Health News for Senior Citizens
Health News for Seniors
Older adults with history of fainting double risk of vehicle crash
Study of patients with average age of 66
Feb. 29, 2016 - Older people with a history of fainting or passing out – a condition known as syncope – were nearly twice as likely to be involved in a motor vehicle crash, according to a Danish study published online by JAMA Internal Medicine.
Syncope is a sudden loss of consciousness. Although it resolves quickly on its own, syncope is a threat to public safety if it occurs when someone is driving a motor vehicle. Because about a third of patients with syncope will have a recurrence within three years, it can be tough for physicians to judge which patients with syncope are fit to drive.
Anna-Karin Numé, M.D., of Copenhagen University Gentofte Hospital, Denmark, and coauthors looked at whether patients with syncope had a greater risk of motor vehicle crashes than the general population.
Their study included 41,039 Danish residents with a first-time diagnosis of syncope from 2008 through 2012.
The patients were an average age of 66, about half of them were female and nearly 35 percent had underlying cardiovascular disease.
Of the 41,093 patients with syncope, 4.4 percent – or 1,791 patients – had a motor vehicle crash, many of which led to injury and a few deaths, according to the results.
Compared to the general population of Denmark, patients with syncope had almost double the risk of a motor vehicle crash. That increased risk persisted during the follow-up period and the five-year crash risk after syncope was 8.2 percent compared with 5.1 percent in the general population.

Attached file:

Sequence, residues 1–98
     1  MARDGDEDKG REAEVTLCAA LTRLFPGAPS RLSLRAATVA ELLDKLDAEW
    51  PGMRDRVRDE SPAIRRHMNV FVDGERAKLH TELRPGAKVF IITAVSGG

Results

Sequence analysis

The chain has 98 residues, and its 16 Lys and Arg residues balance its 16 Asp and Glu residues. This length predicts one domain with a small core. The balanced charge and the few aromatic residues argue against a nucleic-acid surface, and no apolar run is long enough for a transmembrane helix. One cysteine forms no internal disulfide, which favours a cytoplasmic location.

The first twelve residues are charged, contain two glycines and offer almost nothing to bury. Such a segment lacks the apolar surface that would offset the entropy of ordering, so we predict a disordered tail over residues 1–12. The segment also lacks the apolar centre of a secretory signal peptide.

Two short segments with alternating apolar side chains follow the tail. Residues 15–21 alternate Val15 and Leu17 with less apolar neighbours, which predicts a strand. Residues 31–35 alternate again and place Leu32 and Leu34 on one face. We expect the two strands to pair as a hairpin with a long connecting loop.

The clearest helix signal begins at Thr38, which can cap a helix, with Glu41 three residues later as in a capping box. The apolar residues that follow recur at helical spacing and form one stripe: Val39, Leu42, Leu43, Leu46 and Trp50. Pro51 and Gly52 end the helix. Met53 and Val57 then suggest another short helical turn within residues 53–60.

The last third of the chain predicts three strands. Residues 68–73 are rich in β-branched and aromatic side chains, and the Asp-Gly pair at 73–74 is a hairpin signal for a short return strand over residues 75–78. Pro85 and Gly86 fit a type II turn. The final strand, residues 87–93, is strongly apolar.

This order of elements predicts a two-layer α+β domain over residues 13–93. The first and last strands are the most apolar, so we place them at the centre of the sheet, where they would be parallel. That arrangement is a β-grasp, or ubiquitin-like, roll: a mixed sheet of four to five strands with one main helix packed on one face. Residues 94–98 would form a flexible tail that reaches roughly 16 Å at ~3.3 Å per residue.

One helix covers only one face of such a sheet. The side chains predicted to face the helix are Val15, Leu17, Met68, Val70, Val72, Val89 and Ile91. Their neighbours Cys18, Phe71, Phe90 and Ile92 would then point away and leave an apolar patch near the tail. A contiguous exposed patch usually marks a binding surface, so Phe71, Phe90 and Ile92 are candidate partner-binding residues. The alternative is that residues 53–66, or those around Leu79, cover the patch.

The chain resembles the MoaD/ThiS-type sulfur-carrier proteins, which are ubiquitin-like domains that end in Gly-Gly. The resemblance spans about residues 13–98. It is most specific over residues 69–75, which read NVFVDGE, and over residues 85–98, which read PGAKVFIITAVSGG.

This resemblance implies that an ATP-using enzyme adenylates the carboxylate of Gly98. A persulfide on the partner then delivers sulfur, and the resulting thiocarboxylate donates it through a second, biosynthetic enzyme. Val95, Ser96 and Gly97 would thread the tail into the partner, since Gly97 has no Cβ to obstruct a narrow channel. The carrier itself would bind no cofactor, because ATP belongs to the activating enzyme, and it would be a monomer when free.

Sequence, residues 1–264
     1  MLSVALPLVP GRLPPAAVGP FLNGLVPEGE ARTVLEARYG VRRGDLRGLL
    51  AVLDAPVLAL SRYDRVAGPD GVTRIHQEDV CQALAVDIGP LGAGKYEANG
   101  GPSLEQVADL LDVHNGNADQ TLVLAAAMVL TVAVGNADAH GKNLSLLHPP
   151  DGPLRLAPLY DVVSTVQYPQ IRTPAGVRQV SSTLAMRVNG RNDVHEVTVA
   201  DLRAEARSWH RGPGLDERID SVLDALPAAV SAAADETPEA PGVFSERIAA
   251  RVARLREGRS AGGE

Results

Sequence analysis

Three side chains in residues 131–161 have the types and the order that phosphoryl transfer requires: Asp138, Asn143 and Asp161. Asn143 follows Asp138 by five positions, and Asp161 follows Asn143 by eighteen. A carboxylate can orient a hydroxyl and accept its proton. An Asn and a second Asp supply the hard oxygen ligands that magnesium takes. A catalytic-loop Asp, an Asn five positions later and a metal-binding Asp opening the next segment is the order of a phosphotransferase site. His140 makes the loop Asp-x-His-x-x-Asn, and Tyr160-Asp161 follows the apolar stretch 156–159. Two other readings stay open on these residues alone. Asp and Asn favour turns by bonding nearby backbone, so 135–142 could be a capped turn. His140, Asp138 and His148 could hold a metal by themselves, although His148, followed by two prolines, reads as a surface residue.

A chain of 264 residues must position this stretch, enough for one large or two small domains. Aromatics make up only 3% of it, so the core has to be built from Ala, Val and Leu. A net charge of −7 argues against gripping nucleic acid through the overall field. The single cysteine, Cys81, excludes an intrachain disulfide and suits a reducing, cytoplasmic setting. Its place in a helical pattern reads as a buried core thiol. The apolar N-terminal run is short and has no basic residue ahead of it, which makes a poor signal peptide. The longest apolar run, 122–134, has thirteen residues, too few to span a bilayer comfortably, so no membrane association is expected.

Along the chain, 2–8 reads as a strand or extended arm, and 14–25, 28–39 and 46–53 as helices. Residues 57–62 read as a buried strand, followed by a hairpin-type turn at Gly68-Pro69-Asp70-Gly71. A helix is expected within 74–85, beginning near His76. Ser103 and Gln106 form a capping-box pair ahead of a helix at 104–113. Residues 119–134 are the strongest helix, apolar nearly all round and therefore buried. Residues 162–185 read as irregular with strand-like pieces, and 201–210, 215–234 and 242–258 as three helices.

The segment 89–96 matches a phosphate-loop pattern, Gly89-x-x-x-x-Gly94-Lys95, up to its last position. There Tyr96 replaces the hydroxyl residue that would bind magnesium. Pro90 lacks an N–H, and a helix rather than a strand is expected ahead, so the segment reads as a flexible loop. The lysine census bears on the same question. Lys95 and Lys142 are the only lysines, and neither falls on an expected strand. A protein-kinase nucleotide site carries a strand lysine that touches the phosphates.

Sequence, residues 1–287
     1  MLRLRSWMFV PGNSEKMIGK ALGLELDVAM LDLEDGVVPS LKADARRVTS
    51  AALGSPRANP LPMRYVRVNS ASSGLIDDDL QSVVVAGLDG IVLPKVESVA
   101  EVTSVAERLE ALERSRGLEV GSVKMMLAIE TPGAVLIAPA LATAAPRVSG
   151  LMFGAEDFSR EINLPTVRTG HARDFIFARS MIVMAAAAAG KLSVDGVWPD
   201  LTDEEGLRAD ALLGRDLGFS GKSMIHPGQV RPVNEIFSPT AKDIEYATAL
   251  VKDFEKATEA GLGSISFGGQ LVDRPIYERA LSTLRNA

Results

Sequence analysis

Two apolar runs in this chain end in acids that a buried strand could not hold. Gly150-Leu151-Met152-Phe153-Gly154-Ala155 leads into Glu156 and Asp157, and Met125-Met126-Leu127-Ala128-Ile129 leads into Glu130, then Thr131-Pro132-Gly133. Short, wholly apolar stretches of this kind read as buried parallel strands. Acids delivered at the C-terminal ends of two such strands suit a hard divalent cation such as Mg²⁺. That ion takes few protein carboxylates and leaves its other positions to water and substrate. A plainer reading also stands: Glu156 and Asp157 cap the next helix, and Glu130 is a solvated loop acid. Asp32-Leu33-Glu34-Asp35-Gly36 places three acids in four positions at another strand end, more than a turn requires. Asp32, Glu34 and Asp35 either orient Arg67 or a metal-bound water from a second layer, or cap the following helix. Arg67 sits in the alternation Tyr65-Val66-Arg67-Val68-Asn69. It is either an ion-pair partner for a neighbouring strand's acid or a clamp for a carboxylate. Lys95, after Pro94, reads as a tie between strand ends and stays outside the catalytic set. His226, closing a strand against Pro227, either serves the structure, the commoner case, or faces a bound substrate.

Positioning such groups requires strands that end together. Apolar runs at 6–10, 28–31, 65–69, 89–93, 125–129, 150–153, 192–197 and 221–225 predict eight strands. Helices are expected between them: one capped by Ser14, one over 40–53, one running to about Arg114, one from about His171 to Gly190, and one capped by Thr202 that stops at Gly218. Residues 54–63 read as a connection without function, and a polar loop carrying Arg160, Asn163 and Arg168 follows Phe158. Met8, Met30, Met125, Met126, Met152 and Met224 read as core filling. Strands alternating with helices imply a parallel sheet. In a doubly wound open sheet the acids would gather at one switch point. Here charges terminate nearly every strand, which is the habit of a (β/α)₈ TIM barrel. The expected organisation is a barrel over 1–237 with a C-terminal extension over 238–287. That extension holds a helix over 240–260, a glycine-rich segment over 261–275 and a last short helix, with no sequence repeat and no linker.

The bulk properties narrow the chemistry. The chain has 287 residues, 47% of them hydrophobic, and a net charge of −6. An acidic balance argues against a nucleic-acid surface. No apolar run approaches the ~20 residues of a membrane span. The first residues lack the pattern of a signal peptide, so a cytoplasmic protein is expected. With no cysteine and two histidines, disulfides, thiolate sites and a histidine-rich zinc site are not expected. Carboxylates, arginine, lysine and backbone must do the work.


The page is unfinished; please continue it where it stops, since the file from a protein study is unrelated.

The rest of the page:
The authors acknowledge some limitations of their study, including that data regarding the circumstances of the traffic crash were unavailable. They also note that only a small proportion of patients with syncope had a motor vehicle crash.
“Since the absolute crash risk was relatively small, whether syncope should lead to restrictions on a patient’s ability to drive is a difficulty policy question that must balance multiple considerations. Syncope should be considered as one of several factors in a broad assessment of fitness to drive rather than an absolute criterion,” the study concludes.
Commentary: Syncope and the Risk
“Applying the findings of Numé et al to individual patients requires further clinical judgment, since no patient is exactly the average and since some patients with syncope can be diagnosed and cured, write Donald A. Redelmeier, M.D., F.R.C.P.C., M.S.H.S.R., and Sheharyar Raza, H.B.Sc., of the University of Toronto, Canada, in a related commentary.
“At a minimum, physicians could consider asking patients about driving when eliciting a medical history. … Numé et al provide a timely reminder for clinicians to consider traffic safety when managing a patient with syncope.
“Doing so will not clarify the diagnosis but might help prevent a life-threatening complication.”